The plant, from the genus Espeletia in the sunflower family, was discovered by Dr Mauricio Diazgranados, Colombian-born Research Leader on Diversity and Livelihoods in the Natural Capital and Plant Health department at Kew.
The newly described species was collected during an expedition in 2009, when many parts of Colombia were in conflict, and were dangerous or inaccessible. During this expedition, Diazgranados met with left-wing armed guerrillas. At the time it was not known whether they were members of FARC (Revolutionary Armed Forces of Colombia–People's Army) or the ELN (National Liberation Army) as both groups were operating in the area.
Discovery in the páramo
The new species was found 28 km south of the city of Chitagá in the Páramo de Presidente ecosystem. Like many parts of Colombia, the páramo (ecosystems above the continuous forest line, but below the permanent snowline) are considered to be evolutionary hotspots – and despite being among the fastest evolving regions on earth, are yet to be studied in great detail.
Espeletia praesidentis is endemic to Colombia and is only known from the Páramo de Presidente, at elevations of 3,400–3,600 m. Although a large population of several hundred individuals growing in the grasslands of the páramo was observed, this particular area is not under any protection, and there were signs of grazing. In addition, the proximity of extensive potato plantations suggests that the species is likely to be critically endangered.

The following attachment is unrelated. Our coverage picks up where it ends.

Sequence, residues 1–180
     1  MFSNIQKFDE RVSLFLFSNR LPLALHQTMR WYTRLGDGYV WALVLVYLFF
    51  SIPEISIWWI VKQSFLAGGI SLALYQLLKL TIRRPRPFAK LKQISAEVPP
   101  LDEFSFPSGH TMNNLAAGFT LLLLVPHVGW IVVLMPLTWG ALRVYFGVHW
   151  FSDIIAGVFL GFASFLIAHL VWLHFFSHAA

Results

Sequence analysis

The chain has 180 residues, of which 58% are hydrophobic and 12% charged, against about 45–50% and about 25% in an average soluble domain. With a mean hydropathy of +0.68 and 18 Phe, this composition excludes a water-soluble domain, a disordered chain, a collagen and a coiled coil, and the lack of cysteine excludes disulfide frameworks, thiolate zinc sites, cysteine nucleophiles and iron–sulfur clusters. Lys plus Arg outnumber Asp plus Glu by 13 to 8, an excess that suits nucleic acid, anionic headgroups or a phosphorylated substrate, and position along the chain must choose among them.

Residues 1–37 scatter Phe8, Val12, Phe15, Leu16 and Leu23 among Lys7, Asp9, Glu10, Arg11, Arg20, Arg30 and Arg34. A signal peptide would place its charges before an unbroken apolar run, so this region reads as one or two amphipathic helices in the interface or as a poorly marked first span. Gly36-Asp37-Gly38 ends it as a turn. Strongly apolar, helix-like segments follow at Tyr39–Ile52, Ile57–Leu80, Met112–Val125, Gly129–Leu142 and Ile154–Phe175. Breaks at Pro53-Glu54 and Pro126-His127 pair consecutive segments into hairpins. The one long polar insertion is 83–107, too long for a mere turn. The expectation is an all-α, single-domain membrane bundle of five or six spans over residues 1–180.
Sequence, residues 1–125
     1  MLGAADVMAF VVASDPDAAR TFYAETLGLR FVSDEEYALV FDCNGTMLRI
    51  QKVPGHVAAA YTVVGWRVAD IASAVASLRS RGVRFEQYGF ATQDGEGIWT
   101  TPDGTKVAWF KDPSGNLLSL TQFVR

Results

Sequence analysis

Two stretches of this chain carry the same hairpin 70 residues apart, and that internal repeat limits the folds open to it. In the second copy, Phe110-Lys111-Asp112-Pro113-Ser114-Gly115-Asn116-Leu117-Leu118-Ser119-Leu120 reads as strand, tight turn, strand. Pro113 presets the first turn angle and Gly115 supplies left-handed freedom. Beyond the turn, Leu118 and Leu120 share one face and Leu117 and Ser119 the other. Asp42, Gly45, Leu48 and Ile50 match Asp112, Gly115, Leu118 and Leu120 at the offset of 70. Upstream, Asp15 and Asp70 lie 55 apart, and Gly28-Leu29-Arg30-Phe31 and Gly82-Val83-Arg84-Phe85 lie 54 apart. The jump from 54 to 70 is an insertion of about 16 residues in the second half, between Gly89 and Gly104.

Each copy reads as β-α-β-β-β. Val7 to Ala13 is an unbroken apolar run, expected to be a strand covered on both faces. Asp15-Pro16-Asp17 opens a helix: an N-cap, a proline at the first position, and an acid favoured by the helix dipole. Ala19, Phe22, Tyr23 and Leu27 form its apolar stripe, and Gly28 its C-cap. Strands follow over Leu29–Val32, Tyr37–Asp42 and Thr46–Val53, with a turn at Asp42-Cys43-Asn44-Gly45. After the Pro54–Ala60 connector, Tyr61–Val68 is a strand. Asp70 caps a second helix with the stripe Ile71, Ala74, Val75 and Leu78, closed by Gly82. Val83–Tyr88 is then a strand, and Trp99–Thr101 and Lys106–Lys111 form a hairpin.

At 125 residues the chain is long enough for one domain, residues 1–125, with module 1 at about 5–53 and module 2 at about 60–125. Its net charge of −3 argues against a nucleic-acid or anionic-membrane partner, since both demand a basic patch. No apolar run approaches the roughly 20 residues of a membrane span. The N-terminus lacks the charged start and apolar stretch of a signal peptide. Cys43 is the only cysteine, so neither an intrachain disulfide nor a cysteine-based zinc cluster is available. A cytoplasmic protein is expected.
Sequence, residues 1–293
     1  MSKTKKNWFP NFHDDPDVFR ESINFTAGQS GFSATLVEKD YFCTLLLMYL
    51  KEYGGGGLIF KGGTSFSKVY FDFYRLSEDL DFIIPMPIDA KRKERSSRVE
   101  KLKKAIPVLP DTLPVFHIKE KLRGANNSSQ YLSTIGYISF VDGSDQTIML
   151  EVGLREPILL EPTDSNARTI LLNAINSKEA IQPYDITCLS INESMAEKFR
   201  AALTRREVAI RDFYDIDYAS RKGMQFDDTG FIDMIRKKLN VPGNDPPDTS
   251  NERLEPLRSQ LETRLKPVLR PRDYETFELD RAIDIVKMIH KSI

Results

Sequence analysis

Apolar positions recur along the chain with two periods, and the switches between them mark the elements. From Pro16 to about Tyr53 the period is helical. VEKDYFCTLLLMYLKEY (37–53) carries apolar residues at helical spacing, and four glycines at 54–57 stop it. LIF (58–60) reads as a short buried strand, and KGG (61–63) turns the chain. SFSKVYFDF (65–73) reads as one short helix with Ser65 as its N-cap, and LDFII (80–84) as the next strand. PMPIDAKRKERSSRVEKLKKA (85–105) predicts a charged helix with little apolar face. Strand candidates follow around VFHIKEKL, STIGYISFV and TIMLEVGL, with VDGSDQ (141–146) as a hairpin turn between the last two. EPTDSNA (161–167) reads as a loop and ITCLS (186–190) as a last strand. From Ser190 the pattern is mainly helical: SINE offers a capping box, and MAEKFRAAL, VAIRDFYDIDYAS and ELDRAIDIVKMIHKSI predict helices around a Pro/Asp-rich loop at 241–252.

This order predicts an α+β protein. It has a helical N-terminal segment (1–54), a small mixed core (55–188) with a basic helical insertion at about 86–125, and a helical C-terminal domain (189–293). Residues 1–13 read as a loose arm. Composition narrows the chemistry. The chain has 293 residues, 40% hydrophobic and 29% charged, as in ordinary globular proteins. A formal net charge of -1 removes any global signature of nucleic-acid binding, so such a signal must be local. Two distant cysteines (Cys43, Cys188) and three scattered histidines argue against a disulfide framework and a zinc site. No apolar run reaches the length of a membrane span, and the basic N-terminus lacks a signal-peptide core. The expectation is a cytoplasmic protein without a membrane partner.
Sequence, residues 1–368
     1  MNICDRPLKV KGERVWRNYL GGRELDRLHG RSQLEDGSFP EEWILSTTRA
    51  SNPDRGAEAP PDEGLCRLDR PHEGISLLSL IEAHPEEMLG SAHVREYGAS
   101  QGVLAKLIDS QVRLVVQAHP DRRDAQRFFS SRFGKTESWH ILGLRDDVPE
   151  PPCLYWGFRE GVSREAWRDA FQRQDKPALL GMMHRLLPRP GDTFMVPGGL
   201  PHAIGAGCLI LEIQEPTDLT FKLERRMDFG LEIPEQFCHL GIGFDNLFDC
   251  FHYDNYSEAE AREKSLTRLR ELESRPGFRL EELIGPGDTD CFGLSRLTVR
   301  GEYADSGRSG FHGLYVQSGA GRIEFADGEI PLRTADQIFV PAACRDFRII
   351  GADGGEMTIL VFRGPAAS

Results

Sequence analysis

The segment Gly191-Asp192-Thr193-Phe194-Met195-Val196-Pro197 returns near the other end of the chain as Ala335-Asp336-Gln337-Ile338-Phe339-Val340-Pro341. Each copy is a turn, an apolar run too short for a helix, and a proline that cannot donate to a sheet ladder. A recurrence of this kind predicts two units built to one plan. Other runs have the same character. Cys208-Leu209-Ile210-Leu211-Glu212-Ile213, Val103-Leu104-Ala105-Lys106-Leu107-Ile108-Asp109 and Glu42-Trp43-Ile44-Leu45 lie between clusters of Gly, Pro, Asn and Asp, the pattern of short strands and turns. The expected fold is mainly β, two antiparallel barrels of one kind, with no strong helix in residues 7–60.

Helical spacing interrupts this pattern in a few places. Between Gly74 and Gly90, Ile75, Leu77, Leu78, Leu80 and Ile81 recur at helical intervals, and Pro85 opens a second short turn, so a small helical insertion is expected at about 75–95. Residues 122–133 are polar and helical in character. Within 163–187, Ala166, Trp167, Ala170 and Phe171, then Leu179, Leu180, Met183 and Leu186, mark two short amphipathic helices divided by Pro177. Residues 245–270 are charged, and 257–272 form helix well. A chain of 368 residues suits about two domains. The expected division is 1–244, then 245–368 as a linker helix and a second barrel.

Commenting on the significance of the discovery, Diazgranados said:
“Kew is working ever more closely with the Colombian government in efforts to identify and protect the incredible biodiversity of this country which has been closed to researchers during 52 years of conflict. Naming this new species is a way to acknowledge the importance of the peace agreement brokered by President Juan Manuel Santos Calderón, which will open up more botanical exploration. Espeletia praesidentis exemplifies the lack of collections from throughout the ‘páramos’, and shows some of the challenges taxonomists have to face when studying this group.”
RBG, Kew and Colombia partnership
RBG, Kew and Colombia recently signed an agreement to start a new phase of cooperation to help identify, protect and promote the country’s plant and fungal diversity through collaboration in the Colombia Bio programme. This includes several large joint field expeditions to discover and identify plants and fungi, as well as exploring their potential for sustainable use to benefit local livelihoods and the economy. Vegetation mapping and documentation of species diversity and traits, combined with climate models, will support vital climate change resilience assessments.
The research will help the Colombian government to achieve in situ conservation objectives by identifying priority areas and threatened species for protection, as well as supporting ex situ conservation in seed banks: an area which Kew has significant experience of via its Millennium Seed Bank Partnership.
Diazgranados, M. & Sánchez, L.R. (2017). Espeletia praesidentis, a new species of Espeletiinae (Millerieae, Asteraceae) from northeastern Colombia. PhytoKeys 76: 1–12. DOI: 10.3897/phytokeys.76.11220. Available online